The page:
SATURDAY, APRIL 28
Nature & Culture: An Unseverable Relationship, Sat, Apr 28, 9:30 - 11:30 a.m., Kahuku Unit of Hawai‘i Volcanoes National Park. Moderate guided hike along the Palm Trail, approx. 2 miles. Learn about native plants that play a vital role in Hawaiian culture. Free. nps.gov/HAVO

Ka‘ū Unity Celebration, Sat, Apr 28, 10 - 4 p.m., Ka‘ū District Gym. Hosted by The Collective. Free.

Hawai‘i Democratic County Convention, Sat, Apr 28, Sangha Hall, Hilo. hawaiidemocrats.org

Flameworking - an Introductory Class, Sat - Sun, Apr 28 - 29, 1 - 4 p.m., Volcano Art Center. Glasswork using a torch or lamp to melt glass. $155/VAC member, $160/non-member, plus $40 supply fee per person. Advanced registration required. Workshop limited to 4 adults. volcanoartcenter.org, 967-8222

SUNDAY, APRIL 29
Pu‘u Lokuana, Sun, Apr 29, 9:30 - 11 a.m., Kahuku Unit of Hawai‘i Volcanoes National Park. Short, moderately difficult, 0.4-mile hike to the top of the grassy cinder cone, Pu‘u Lokuana. Learn about the formation and various uses of this hill over time and enjoy a breathtaking view of lower Kaʻū. Free. nps.gov/HAVO

Ka‘ū Coffee Festival: Ka‘ū Coffee Recipe Contest, Sun, Apr 29, 11 a.m., Ka‘ū Coffee Mill. Free coffee and recipe tastings. 928-0550, kaucoffeemill.com.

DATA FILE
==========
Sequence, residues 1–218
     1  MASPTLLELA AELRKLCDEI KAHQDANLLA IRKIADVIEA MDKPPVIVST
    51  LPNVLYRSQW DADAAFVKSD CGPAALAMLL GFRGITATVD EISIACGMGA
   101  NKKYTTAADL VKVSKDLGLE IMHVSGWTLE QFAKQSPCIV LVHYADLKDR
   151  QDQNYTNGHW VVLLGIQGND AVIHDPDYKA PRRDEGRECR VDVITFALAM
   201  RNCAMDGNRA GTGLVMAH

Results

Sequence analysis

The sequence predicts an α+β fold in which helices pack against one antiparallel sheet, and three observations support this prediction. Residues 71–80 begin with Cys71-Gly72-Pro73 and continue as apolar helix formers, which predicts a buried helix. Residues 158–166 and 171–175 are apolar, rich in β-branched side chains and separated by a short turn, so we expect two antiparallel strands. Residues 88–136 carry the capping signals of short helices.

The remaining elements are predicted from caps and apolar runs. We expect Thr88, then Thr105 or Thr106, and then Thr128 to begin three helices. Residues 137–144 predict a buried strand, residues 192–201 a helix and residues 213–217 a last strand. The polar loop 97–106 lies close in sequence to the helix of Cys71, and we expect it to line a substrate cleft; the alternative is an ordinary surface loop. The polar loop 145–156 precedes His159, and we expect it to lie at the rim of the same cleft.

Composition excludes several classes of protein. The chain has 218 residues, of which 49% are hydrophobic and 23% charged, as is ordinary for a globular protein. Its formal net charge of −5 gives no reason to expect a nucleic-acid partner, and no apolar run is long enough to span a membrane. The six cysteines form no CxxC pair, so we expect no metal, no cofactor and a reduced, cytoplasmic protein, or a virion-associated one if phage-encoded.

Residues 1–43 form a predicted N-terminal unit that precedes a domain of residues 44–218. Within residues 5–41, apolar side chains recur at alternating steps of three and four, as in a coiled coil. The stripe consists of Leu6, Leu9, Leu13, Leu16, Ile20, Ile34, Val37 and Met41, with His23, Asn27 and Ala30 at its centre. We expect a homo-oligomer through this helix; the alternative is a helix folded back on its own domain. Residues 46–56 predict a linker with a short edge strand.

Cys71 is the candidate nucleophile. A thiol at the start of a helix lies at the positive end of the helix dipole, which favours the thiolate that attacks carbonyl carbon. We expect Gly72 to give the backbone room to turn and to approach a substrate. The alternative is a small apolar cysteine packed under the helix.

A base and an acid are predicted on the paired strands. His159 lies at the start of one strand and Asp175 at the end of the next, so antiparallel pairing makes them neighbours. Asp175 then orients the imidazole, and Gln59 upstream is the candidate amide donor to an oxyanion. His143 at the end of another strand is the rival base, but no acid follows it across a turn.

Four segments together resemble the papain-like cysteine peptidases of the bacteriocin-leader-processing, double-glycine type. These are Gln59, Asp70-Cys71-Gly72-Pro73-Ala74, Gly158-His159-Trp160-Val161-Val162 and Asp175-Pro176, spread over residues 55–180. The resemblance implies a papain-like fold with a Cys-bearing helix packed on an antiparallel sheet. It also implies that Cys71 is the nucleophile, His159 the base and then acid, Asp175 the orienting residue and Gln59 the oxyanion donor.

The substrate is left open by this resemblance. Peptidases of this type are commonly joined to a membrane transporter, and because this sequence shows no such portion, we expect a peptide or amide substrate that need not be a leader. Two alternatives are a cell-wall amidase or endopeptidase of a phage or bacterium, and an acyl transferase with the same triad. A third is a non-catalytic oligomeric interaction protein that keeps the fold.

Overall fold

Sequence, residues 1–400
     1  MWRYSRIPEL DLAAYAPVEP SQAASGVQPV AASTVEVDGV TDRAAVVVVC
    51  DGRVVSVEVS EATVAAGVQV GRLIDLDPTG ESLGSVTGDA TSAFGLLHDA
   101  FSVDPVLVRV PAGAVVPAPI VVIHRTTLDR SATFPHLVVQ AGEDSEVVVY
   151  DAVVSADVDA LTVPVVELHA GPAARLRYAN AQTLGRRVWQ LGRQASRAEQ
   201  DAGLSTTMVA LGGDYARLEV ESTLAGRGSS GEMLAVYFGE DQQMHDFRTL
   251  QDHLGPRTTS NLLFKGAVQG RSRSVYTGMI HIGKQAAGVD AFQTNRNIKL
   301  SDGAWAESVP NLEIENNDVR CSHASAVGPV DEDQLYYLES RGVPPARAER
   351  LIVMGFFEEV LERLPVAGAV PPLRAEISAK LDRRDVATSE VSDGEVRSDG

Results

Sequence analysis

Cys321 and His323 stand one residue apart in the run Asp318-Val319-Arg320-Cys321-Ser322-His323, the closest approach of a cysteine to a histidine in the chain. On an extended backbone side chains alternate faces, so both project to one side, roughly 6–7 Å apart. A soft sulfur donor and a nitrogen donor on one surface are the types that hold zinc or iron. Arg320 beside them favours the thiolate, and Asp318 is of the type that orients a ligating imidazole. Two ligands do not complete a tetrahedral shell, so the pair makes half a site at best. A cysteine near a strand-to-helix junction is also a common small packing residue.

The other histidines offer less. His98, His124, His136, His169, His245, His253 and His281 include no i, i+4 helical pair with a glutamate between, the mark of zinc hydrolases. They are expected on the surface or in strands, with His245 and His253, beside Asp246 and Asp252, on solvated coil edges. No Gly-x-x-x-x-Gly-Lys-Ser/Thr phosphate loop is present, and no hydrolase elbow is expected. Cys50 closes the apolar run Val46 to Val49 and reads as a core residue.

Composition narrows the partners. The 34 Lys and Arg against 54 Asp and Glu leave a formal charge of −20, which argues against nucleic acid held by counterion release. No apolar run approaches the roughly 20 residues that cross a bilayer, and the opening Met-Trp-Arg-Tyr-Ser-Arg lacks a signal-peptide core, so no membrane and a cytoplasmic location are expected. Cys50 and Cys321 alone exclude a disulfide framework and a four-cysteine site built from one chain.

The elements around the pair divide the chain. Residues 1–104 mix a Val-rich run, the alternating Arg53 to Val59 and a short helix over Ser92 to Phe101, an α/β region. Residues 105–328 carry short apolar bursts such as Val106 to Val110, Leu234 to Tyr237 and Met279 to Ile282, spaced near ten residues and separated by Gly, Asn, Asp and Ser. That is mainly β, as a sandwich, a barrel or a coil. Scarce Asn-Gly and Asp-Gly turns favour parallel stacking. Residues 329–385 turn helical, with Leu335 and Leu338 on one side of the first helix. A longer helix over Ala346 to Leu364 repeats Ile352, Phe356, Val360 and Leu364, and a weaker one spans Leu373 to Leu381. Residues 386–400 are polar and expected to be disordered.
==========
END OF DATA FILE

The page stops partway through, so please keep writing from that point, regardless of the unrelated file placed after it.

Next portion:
TUESDAY, MAY 1
Discovery Harbour Volunteer Fire Dept. Meeting, Tue, May 1, 4-6pm, May 15, 4:30-6:30pm, Discovery Harbour Community Hall. 929-9576, discoveryharbour.net

Ka‘ū Coffee Growers Meeting, Tue, May 1, 6-8pm, Pāhala Community Center.

Discovery Harbour Volunteer Fire Dept. Meeting, Tue, May 1, 4-6pm, May 15, 4:30-6:30pm, Discovery Harbour Community Hall. 929-9576, discoveryharbour.net

Ka‘ū Coffee Growers Meeting, Tue, May 1, 6-8pmhala Community Center.

WEDNESDAY, MAY 2
Ka‘ū Coffee Festival: Ka‘ū Mountain Water Systems Hike, Wed, May 2, 9-2 pm, Ka‘ū Coffee Mill. - SOLD OUT

Open Mic Night, Wed, May 2, 6-10pm, Kīlauea Military Camp's Lava Lounge in Hawai‘i Volcanoes National Park. Singers, Bands, Comedians, etc. Call 967-8365 after 4pm to sign up. Open to authorized patrons and sponsored guests 21+. Park entrance fees apply. kilaueamilitarycamp.com

THURSDAY, MAY 3
VA Medical Services, Thu, May 3 & 17, 8:30-noon, Ocean View Community Center. 939-7033, ovcahi.org

Veteran's Center, Thu, May 3, 8:30-12:30pm, May 17, 8:30-11:30am, Ocean View Community Center. No appointment needed to visit w/VA counselor & benefit specialist. Matthew, 329-0574, ovcahi.org

Ka‘ū Coffee Festival: Ka‘ū Valley Farms Tour, Thu, May 3, 9-2pm, Ka‘ū Valley Farms Nursery, Ka‘alaiki Rd, Nā’ālehu. Explore hydroponic nursery, and tea and coffee plantings. Expansive hilltop views, mountain to coast. Includes water systems and tunnels from sugar days, and native Hawaiian forest tour. $35 per person; includes lunch. Reservations required. John Cross, 987-4229; Brenda Iokepa-Moses, 731-5409. kaucoffeefestival.com

Tūtū & Me Traveling Preschool Vision Screening, Thu, May 3, 9-noon, Project Vision Hawai‘i van at Pāhala Community Center. Free; for all ages. Keiki offered free sunglasses; adults, reading glasses. projectvisionhawaii.org, 808-282-2265